South Africa’s new-look BRICS strategy also gives it the chance to secure new markets for its products and new investors at a time when its largest market, Europe, is undergoing economic difficulties. South Africa’s share of trade with BRICS countries in 2012 stood at 18%, up from 10% in 2005 against declines in trade with its traditional markets of Japan, the European Union, and the United States.
South Africa and BRICS: Challenges
At the same time, BRICS may erode South Africa’s domestic economy, because many products from BRICS countries directly compete with its own. Other BRICS countries are already exporting manufactured goods to Africa, including the inputs to Africa’s infrastructure programmes such as railways (supposedly SA’s strategic advantage)—hurting the very manufacturing sectors identified as key to job creation.
While South Africa’s manufacturing sector is coming out of a deep crisis, the manufacturing sectors of most of its BRICS partners are buoyant. Many South African manufacturers say that while products from BRICS enter South African markets relatively easily, high tariff barriers make it difficult for South African products to enter BRICS markets.
Added to these problems, there is a real danger that the Chinese yuan will replace the rand in Africa, enabling China not only to reduce the currency risks inherent in many unstable African currencies, but also to circumvent non-tariff barriers in Africa.
Africa needs to negotiate better with BRICS partners
The formation of the BRICS grouping offers a potential economic windfall to Africa, but unless African countries engage more shrewdly with these new emerging powers, they may also undermine the continent’s long-term prosperity. Looking to the future, African countries may have the opportunity to negotiate better development aid terms from BRICS countries. However, to benefit from the rise of BRICS, African countries will have to make structural changes: they must be more pro-active, clearly identify their priorities, and be more hard-nosed in their negotiations.
Africa needs better economic policies to benefit from BRICS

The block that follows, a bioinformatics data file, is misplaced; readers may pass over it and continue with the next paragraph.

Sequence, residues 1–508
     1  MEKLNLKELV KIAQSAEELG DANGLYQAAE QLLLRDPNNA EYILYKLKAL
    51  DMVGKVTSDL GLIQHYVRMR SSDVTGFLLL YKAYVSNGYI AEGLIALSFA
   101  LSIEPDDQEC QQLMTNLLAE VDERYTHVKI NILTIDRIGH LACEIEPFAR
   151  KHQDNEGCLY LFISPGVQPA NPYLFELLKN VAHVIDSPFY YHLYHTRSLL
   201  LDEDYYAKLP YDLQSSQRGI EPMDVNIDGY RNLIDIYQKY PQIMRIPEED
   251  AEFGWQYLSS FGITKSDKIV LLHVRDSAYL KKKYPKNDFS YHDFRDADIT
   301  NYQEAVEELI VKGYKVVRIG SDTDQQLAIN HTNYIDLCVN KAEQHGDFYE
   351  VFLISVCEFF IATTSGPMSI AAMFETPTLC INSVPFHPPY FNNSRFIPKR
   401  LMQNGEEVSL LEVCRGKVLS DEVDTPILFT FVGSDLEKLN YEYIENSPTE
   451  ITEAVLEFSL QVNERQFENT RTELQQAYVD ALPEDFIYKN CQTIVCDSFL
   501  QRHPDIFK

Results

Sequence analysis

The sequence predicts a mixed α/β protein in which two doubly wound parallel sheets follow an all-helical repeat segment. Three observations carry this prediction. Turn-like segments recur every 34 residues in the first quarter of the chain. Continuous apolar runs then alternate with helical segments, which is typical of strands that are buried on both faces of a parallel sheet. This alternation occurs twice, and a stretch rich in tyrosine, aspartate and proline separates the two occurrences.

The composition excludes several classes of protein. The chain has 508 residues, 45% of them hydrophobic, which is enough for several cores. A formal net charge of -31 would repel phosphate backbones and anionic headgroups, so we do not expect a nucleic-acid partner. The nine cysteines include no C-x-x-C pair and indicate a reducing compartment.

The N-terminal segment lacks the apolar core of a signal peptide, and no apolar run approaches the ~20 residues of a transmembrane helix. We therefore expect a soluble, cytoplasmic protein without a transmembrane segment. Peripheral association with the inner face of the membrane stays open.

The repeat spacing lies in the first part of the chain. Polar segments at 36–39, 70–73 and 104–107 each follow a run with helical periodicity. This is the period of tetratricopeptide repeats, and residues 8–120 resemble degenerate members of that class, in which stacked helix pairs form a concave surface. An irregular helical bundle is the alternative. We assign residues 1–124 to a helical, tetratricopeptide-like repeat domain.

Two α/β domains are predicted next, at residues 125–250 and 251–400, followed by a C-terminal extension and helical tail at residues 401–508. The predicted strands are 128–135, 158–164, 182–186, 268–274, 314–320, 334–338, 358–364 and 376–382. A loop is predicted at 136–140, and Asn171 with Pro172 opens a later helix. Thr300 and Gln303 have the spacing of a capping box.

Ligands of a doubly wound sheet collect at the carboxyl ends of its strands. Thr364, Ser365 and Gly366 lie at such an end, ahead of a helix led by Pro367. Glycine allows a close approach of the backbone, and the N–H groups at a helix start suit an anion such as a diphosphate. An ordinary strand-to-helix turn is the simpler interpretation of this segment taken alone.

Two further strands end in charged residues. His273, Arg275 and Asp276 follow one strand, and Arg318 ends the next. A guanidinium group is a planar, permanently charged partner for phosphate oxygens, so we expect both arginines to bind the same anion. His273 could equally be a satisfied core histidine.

Ultimately, Africa needs better economic policies that “[achieve] the policy objectives of development and poverty reduction.” Merely seeking to increase investment and growth without seeking to channel the investment strategically and in the right arenas is short-sighted and doomed to failure.
The bulk of Africa’s economy is in the informal sector, but this sector is rarely included by government or civil society in development planning. Instead African states allow cheap, highly subsidised Chinese products to flood their markets. This means the potential for businesses in African countries’ indigenous informal sectors to grow into medium- and then larger-sized enterprises is lost.
In most African countries, agriculture remains the largest sector where people eke out a living informally. African countries should support people to at least produce food for themselves and carry out basic “light” manufacturing of food products without having to import these. However, currently African countries end up doing the opposite, allowing emerging economies, such as China and South Korea, to buy land to produce agricultural goods for export back to these countries, doing nothing to protect food security and often dispossessing people in the process.
Currently, it appears that new investments in Africa—such as those from China, India, and Brazil—are targeted less at the needs of Africans and more at seeking to export goods. African roads and ports developed or built by China, for example, are often constructed to make it easy for China to export or import products to or from Africa, rather than integrated into the infrastructure of the host African country.
African countries should pro-actively decide where and how development should take place, and then partner foreign investment with these home-grown, targeted development initiatives.
Africa must diversify growth and add value to its exports
If Africa wants to achieve a higher-quality, more equitable growth, countries must add value to raw materials and diversify into manufacturing and services. This will create more jobs for Africans, and result in more equitable and sustainable growth for African economies.
Africa has been prevented from doing this by industrial nations that have erected high trade barriers to such products coming from Africa. Yet BRICS nations have similar high tariffs for Africa’s manufactured goods. While African products and services may be uncompetitive in industrial-country markets, for a range of reasons, African countries can trade these products with each other and should be supported to do so.
Unfortunately, at the moment, BRICS engagement with Africa is replicating Africa’s low-quality growth model, exacerbating inequality, and undermining democracy on the continent. Only ecologically and economically sustainable development, inclusive growth, and quality democracies have the chance to turn this around. One of the crucial ingredients for achieving this will be a robust African civil society. To play such a developmental role, African civil society will have to become more innovative, relevant, and engaged.